Building homes on dan­ger­ous ground

Sink­holes abound, yet land ear­marked for houses

Saturday Star - - NEWS - SHEREE BEGA

IT’S hard to miss the skull on the large con­crete block ly­ing nearly top­pled in the veld in Mar­lands, near Ger­mis­ton.

The dan­ger sign war ns vis­i­tors that this land over­grown with weeds is an old mine shaft, but even it is fall­ing into a sink­hole.

But be­hind the sign, and along­side the nu­mer­ous cav­ernous sink­holes that swal­low the earth, con­struc­tion work­ers em­ployed by the Ekurhu­leni metropolitan mu­nic­i­pal­ity are lay­ing the foun­da­tions for about 300 new hous­ing struc­tures.

This is where, over the next few months, the mu­nic­i­pal­ity plans to re­lo­cate sev­eral thousand im­pov­er­ished res­i­dents of the nearby An­gelo in­for­mal set­tle­ment.

Jean du Plessis, a DA ward com­mit­tee mem­ber for safety and se­cu­rity, looks out­raged. As he dodges the sink­holes, he cites the death of 5-year-old Richard Thole, who fell into a nearby dis­used mine shaft in Jerusalem in­for­mal set­tle­ment last month.

“How are you go­ing to keep a child out of these sink­holes, or the open mine shaft over there?” he says, frus­trated, point­ing to the open shaft, en­tan­gled with weeds.

“This is an old mine, the ground is poi­sonous. And there’s a rail­way line 200m away. People can’t live here.”

In 2015, Liv­ing Africa Prop­er­ties se­cured a court or­der to re­move the res­i­dents of the in­for mal set­tle­ment for devel­op­ment as it is lo­cated on pri­vate land.

But the DA claims the “safety of the soon-to-be res­i­dents can­not be guar­an­teed as no en­vi­ron­men­tal im­pact as­sess­ment has been con­ducted” on the land where they will be moved.

“The metro should have stopped all work on the land and con­ducted an en­vi­ron­men­tal im­pact as­sess­ment, ge­o­graph­i­cal study and a dolomite study to en­sure the res­i­dents’ lives will not be at risk,” main­tains Tiziana Plaskitt, the neigh­bour­ing ward coun­cil­lor.

A pub­lic meet­ing on the re­lo­ca­tion with lo­cal res­i­dents, in­clud­ing from An­gelo in­for­mal set­tle­ment, DA coun­cil­lors and mu­nic­i­pal of­fi­cials is be­ing held to­day.

“The metro will no doubt say there’s no obli­ga­tion to con­duct such a study if people are be­ing placed tem­po­rar­ily; how­ever on dis­cov­er­ing the mine shaft and sink­hole, while clear­ing the land, one would have ex­pected it to place the safety of the res­i­dents first given the tragic events that hap­pened at the Jerusalem in­for­mal set­tle­ment not too far away from this site.”

She found out “by ac­ci­dent” two weeks ago that this land would be used for the re­lo­ca­tion of res­i­dents from An­gelo in­for­mal set­tle­ment.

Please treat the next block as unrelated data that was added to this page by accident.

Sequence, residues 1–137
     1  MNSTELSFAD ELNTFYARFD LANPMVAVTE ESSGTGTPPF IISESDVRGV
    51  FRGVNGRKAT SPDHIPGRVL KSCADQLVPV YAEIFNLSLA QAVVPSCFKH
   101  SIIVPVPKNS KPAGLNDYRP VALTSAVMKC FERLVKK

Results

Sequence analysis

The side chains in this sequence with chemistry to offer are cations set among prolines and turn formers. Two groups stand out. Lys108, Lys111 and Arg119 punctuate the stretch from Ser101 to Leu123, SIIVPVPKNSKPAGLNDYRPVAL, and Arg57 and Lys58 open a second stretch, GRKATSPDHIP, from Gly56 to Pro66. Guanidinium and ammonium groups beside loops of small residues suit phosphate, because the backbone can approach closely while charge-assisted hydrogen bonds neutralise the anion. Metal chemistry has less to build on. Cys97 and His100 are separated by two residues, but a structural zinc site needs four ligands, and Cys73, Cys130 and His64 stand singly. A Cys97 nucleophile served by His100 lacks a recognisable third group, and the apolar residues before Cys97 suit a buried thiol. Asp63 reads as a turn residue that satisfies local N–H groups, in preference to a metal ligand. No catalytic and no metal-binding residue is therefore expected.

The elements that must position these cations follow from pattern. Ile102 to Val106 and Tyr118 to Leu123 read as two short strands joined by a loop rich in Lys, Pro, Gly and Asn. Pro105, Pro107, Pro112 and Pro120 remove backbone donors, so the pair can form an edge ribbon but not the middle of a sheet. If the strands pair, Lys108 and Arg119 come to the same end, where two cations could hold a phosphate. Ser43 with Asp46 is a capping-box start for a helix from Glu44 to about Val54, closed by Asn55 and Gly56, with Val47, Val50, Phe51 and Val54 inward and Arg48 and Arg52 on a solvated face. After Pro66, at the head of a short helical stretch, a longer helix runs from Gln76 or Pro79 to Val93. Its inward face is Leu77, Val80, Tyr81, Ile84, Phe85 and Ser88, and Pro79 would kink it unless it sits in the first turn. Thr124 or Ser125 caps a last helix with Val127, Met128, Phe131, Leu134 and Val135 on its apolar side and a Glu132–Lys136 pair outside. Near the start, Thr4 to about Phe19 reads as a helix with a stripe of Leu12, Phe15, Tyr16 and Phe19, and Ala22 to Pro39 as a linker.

“Although the land falls in ward 21, it bor­ders ward 92 and ward 33 (Mar­lands and Wit­field ar­eas) and will af­fect these com­mu­ni­ties.

“Yet no pub­lic par­tic­i­pa­tion was done with these com­mu­ni­ties per the emer­gency hous­ing guide­line.”

The trans­ac­tion it­self was sus­pi­cious, she be­lieves.

“The land where they want to re­lo­cate the res­i­dents was pur­chased by Liv­ing Africa Devel­op­ment from Crown Gold Re­cov­er­ies for R112 074.

“It was then sold to Ekurhu­leni for R12.1 mil­lion – the trans­fer of both sales trans­ac­tions hap­pened on the same date.

“In ad­di­tion, the deeds num­bers are chrono­log­i­cal.”

The mu­nic­i­pal­ity told the Satur­day Star it would re­spond fully next week.

Look­ing out at the site, Mike Wa­ters, the deputy chief whip of the DA, charges that the mu­nic­i­pal­ity “didn’t put people’s safety first”.

“There is plenty of land in Ekurhu­leni that is suit­able. I don’t know what they are wasting money for and putting people’s lives at risk.”

Ash­ley Hoods, a lo­cal coun­cil­lor, agrees.

“They are moving these people from a dan­ger­ous place to an­other. An­gelo in­for mal set­tle­ment is sur­rounded by open mine shafts.

“We’ve had re­ports of people thrown down here. Now you are bring­ing that prob­lem here, and that’s not a so­lu­tion.”

A 2011 re­port by the then-Gaut­eng Depart­ment of Agriculture and Ru­ral Devel­op­ment re­vealed how 1.6 mil­lion im­pov­er­ished people in Gaut­eng lived on mine residue de­posits, sin­gling out the dan­gers of ground in­sta­bil­ity and the col­lapse above aban­doned mine work­ings and around open mine shafts that pre­sented a “dan­ger” to nearby in­for­mal set­tle­ments.

Plaskitt says “Zama Zama turf wars” within the An­gelo in­for­mal set­tle­ment “could be am­pli­fied by the re­lo­ca­tion.

“The Zama Za­mas in the Mar­lands area are con­tin­u­ally break­ing the sewage pipe to clean their gold in this area. This con­stant sewage over­flow will af­fect the res­i­dents.”

She says that two ur­gent mo­tions will be pre­sented to the mu­nic­i­pal­ity at this week’s coun­cil meet­ing.

“We’re re­quest­ing an in­ves­ti­ga­tion into the sus­pi­cious pur­chase of the land (and) that a ge­o­log­i­cal study, en­vi­ron­men­tal study and dolomitic study be done to en­sure the safety of the land be­fore re­lo­cat­ing res­i­dents here and that the sink­holes and open mine shafts be closed.”

In the An­gelo in­for mal set­tle­ment, Pa­trick Mamothama, says he has not heard about the re­lo­ca­tion.

“I’ve been liv­ing here for 23 years.

“I am tired of liv­ing in a shack,” he shrugs.

“But I don’t want to live in a dan­ger­ous place any­more.”

Ekurhu­leni Coun­cil­lor Tiziana Plaskitt says the pro­vin­cial govern­ment wants to move res­i­dents from An­gelo in­for­mal set­tle­ment to stand por­tion 230 of farm 87 Drie­fontein.

Where some of the new houses will be built.

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